Around 1991 or early ’92, Seiko’s top brass felt that there was a disconnect between the products the brand was putting out and what younger consumers actually wanted. From that problem came the SUS project (SUS meaning “Simple” and “Strong,” with the “U” uniting the two), an attempt by Seiko to create a line of analog watches that would appeal to young adults who were weaned on digital watches.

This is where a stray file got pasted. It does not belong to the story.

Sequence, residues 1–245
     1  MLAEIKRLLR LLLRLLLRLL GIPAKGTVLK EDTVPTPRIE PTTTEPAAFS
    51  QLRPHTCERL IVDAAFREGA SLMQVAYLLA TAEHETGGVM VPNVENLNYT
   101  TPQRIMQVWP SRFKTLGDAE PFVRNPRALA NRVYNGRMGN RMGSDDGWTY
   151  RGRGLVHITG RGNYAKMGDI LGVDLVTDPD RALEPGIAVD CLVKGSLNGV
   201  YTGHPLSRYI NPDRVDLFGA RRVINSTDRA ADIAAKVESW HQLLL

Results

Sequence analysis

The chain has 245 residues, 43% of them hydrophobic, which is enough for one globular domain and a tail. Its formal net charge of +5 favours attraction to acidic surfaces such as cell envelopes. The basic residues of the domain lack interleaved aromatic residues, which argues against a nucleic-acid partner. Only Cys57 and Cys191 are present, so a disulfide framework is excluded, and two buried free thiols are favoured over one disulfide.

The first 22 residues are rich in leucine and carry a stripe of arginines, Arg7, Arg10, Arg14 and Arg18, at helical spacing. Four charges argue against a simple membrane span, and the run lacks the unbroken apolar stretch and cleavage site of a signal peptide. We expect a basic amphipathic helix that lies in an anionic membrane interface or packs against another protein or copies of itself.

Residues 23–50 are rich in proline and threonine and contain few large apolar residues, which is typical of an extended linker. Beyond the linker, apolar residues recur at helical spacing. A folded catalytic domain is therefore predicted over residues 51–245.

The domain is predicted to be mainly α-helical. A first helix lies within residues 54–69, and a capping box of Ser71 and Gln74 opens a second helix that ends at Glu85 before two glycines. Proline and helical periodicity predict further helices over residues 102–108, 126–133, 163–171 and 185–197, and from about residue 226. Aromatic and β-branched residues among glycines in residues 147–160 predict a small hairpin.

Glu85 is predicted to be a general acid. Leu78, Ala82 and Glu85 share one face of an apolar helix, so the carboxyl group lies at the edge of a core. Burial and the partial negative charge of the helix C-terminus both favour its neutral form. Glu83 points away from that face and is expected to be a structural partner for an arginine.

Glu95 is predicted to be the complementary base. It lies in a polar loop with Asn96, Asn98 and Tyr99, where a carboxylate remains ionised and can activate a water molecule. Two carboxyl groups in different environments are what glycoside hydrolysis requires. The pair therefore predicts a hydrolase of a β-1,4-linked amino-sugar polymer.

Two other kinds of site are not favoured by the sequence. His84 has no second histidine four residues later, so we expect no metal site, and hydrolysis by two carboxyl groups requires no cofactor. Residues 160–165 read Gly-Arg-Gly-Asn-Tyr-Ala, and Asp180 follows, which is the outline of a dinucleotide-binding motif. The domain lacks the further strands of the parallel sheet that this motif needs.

Seiko tasked two young engineers to spearhead the SUS project–Chitoshi Funamoto and Atsushiko Matsuno. To gauge the interests of their target demographic, the SUS team conducted numerous surveys on young adults between the ages of 19 and 22, showing them pictures of Seiko watches from 1913 through the early to ’90s. Their preference? The minimalist, utilitarian designs of Seiko’s wartime watches. Using what they learned, the team set off to design the SUS series.